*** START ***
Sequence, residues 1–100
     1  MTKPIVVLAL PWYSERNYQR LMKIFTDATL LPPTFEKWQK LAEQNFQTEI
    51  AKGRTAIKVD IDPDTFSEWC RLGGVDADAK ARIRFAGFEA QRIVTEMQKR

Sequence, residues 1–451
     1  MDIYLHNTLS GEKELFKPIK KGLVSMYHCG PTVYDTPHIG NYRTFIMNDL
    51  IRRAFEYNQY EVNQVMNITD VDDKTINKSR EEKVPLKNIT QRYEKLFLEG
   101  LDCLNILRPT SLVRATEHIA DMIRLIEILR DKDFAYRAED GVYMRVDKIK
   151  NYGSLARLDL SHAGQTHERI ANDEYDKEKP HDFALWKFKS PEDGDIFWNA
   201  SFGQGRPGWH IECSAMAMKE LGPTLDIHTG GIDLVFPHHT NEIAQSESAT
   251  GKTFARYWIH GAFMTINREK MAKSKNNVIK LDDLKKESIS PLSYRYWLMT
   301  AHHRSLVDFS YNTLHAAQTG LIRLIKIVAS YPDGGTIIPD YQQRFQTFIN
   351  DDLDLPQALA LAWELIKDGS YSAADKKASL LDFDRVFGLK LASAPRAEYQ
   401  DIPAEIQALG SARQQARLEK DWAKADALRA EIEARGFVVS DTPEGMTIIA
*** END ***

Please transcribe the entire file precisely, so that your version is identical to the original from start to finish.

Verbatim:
Sequence, residues 1–100
     1  MTKPIVVLAL PWYSERNYQR LMKIFTDATL LPPTFEKWQK LAEQNFQTEI
    51  AKGRTAIKVD IDPDTFSEWC RLGGVDADAK ARIRFAGFEA QRIVTEMQKR

Sequence, residues 1–451
     1  MDIYLHNTLS GEKELFKPIK KGLVSMYHCG PTVYDTPHIG NYRTFIMNDL
    51  IRRAFEYNQY EVNQVMNITD VDDKTINKSR EEKVPLKNIT QRYEKLFLEG
   101  LDCLNILRPT SLVRATEHIA DMIRLIEILR DKDFAYRAED GVYMRVDKIK
   151  NYGSLARLDL SHAGQTHERI ANDEYDKEKP HDFALWKFKS PEDGDIFWNA
   201  SFGQGRPGWH IECSAMAMKE LGPTLDIHTG GIDLVFPHHT NEIAQSESAT
   251  GKTFARYWIH GAFMTINREK MAKSKNNVIK LDDLKKESIS PLSYRYWLMT
   301  AHHRSLVDFS YNTLHAAQTG LIRLIKIVAS YPDGGTIIPD YQQRFQTFIN
   351  DDLDLPQALA LAWELIKDGS YSAADKKASL LDFDRVFGLK LASAPRAEYQ
   401  DIPAEIQALG SARQQARLEK DWAKADALRA EIEARGFVVS DTPEGMTIIA